The number of South Korean students enrolling in Chinese colleges has tripled from less than 20,000 in 2003 to around 63,000 according to the Wall Street Journal’s Jeyup S. Kwaak. That’s significant because South Korean students are a significant market (they rank third after Chinese and Indians) for universities in the West and elsewhere.
So why are South Koreans opting to study abroad in China instead of the West? For starters, South Korea is one of the few countries which actually has a trade surplus with China – meaning having Chinese language skills is beneficial for candidates seeking jobs with Korean exporters and major MNCs like Samsung. In addition, Chinese tourists and businessmen are increasingly flocking to South Korea – forcing those who work in the hospitality and tourism sectors to start learning Chinese.
Kwaak went on to say that everyone in South Korea wants to get ahead with a foreign language albeit English language skills are still considered to be most important. However, Kwaak had spoken with Korean language academies who said they have seen a 40% increase in students enrolling in Chinese language classes over the past two years plus one administrator for a test of spoke Chinese has seen a 50% increase every year in the number of registrations for their Chinese language tests.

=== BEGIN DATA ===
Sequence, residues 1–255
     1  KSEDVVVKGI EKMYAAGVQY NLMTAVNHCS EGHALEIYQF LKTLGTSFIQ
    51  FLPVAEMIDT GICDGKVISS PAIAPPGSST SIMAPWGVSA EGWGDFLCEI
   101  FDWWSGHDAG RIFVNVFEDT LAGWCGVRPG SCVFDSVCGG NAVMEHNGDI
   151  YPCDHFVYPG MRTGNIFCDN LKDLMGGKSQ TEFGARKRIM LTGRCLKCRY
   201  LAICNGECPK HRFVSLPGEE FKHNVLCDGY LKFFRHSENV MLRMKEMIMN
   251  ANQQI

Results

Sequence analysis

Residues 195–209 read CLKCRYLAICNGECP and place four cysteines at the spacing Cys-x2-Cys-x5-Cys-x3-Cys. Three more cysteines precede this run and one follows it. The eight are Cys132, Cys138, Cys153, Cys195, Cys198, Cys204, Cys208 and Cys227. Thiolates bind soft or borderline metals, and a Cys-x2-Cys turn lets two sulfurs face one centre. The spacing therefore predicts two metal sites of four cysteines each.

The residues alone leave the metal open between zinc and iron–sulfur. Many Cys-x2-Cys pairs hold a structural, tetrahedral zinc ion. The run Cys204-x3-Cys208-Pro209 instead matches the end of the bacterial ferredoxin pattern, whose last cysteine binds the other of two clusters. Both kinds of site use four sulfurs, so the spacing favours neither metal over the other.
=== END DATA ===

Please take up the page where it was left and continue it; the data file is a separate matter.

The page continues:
Moreover, studying abroad at a Chinese university will cost an average of $3,500 per year verses $30k or $40k (plus air fare and living costs) for a university in the USA while the gap between Chinese and American universities has closed over the past few years. Nevertheless, 73,000 South Koreans still opted to study abroad at American universities last year.